I checked afterwards to make sure, but it’s not actually written in the stage directions on the script to scream “Asshole, let me go” at the crew members during the show but sometimes you have to improvise. I also never learned the old tuck and roll trick either because when I got my wish – and they released me – I dropped the rest of the way down and hit the ground like a rock to even louder laughter and clapping. I wasn’t really mad that not even one person in that audience tried to catch me or tried help me before, during, or even after the fall, and I also wasn’t mad at the piano player who didn’t think to stop playing the song at all during it either. I know what you’re thinking “It could have been worse” but that’s not the end of it.
I didn’t get hurt in the fall unless you count my pride – cause that bitch was a-hurtin’ fo Sure! I also didn’t get hurt by the dangling swing that I fell out of repeatedly smacking me in the face and noggin as I dangled there. All of that might not have been so bad or embarrassing if at the exact moment that I was shifted out of the swing and started to plummet, my dress hadn’t gotten caught on the balcony ledge and started to ceremoniously rip off me layer by layer. After they finally let me go and I fell to my descent, the remaining tattered material just gave way around me. Spiderman: Turn Off the Dark let me tell you something: you are not innovative – I was falling out of the rafters during a show years before you!!!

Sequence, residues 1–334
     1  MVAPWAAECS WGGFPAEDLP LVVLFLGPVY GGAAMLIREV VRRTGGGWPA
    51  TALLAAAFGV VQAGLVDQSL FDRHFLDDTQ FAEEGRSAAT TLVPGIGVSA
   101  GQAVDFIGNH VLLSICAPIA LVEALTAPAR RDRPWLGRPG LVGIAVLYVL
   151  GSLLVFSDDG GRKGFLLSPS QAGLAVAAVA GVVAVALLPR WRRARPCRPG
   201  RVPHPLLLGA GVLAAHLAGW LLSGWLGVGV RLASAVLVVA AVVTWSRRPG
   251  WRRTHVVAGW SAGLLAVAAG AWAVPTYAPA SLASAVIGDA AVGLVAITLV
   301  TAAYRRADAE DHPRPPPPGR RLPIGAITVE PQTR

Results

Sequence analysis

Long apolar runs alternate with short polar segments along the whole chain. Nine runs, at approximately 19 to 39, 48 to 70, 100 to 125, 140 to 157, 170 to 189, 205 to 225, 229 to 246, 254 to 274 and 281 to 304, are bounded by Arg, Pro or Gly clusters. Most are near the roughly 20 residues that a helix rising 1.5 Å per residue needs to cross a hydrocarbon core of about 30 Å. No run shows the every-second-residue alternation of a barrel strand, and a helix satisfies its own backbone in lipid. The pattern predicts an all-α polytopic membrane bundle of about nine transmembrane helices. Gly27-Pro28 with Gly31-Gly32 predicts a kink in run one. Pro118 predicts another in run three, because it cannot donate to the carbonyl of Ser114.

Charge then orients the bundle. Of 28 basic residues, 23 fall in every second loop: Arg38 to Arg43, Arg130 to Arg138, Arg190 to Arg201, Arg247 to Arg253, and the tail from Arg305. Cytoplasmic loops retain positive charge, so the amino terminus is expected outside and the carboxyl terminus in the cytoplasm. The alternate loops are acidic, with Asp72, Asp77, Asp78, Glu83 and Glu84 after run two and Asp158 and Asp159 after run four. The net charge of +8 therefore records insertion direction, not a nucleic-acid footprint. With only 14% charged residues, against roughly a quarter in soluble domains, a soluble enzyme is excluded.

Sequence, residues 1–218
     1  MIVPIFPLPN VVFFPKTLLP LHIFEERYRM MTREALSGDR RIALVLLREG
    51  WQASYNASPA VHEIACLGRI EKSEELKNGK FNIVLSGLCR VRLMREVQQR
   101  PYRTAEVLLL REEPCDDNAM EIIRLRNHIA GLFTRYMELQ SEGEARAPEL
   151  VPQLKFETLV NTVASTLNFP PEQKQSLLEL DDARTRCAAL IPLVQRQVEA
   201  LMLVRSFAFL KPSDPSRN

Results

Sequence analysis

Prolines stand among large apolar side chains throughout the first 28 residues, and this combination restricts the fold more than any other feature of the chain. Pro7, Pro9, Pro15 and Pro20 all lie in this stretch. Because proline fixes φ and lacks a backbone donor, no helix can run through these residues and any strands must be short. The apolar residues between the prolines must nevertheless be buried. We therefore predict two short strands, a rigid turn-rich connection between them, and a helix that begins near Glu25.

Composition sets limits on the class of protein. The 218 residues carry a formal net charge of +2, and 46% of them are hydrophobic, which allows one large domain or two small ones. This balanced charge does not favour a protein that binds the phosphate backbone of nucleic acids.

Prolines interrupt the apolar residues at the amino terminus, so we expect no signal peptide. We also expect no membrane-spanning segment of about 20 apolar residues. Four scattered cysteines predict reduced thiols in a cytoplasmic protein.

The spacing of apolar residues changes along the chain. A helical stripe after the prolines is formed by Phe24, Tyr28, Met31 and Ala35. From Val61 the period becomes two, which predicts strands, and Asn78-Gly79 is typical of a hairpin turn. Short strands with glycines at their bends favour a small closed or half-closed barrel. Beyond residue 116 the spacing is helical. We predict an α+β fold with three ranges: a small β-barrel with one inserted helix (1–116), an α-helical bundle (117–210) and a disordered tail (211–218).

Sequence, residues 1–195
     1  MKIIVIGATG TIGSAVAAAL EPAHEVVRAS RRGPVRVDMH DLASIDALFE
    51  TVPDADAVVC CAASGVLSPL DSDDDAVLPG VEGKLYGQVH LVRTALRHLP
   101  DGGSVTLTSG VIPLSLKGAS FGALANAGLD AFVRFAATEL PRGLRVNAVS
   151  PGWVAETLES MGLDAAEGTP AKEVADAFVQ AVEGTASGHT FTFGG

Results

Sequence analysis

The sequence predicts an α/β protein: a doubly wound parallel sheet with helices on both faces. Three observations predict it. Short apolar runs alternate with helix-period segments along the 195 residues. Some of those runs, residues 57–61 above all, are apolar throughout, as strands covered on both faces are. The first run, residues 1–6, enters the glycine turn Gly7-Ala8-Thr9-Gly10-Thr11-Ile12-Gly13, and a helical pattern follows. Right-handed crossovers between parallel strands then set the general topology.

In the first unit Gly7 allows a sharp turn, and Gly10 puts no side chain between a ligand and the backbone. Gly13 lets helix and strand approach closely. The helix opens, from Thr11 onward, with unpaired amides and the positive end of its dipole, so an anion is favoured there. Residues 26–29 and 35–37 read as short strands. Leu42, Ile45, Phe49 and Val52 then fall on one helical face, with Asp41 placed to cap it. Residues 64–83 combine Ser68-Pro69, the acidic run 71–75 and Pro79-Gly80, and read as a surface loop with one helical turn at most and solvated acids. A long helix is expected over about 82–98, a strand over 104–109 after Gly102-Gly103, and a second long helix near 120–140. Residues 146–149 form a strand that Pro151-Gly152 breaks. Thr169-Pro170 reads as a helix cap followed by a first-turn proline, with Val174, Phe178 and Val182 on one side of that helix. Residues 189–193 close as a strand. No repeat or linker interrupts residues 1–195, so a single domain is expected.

I did my best to try and keep some parcel of my dignity intact as I did what I could with the performance but imagine how difficult it was to try to get up off the ground and make your way to the stage in boxers and a few strands of taffeta around your neck and chest. God only knows when and where I lost the wig, but I was a mess. I held my head up high, tried to keep from laughing and sing the rest of the song and exited stage right.
After bearing witness to one of the best spectacles she said she has ever seen, my sister Marlene came backstage with her arms overflowing with the multiple pieces of material she had recovered from the wall, floor, and along my trail through the auditorium. With tears in her eyes and trying to hold in her laughter, she said (handing me the pile of material) “I think you forgot this out there…Words cannot even describe…Was it supposed to happen like that?…I thought you might have really gotten hurt there for a second there but…” and then we just burst out laughing. We didn’t even wait until the end of the show, we literally left right then and went to the bar. Not the best tactic if you’re the director of said show, but I had enough and needed alcohol immediately.
I must have been out of my mind to think that it would work in the first place – me and coordination go together like asparagus and a golden shower…Even though it didn’t go as smoothly as I had planned – I was more like Frank the Tank than Frankie Avalon – it was really funny and everyone loved it. You know the old saying: It may not be Broadway, but even at Fat Camp – the show must go on!
I was more like Frank the Tank than Frankie Avalon!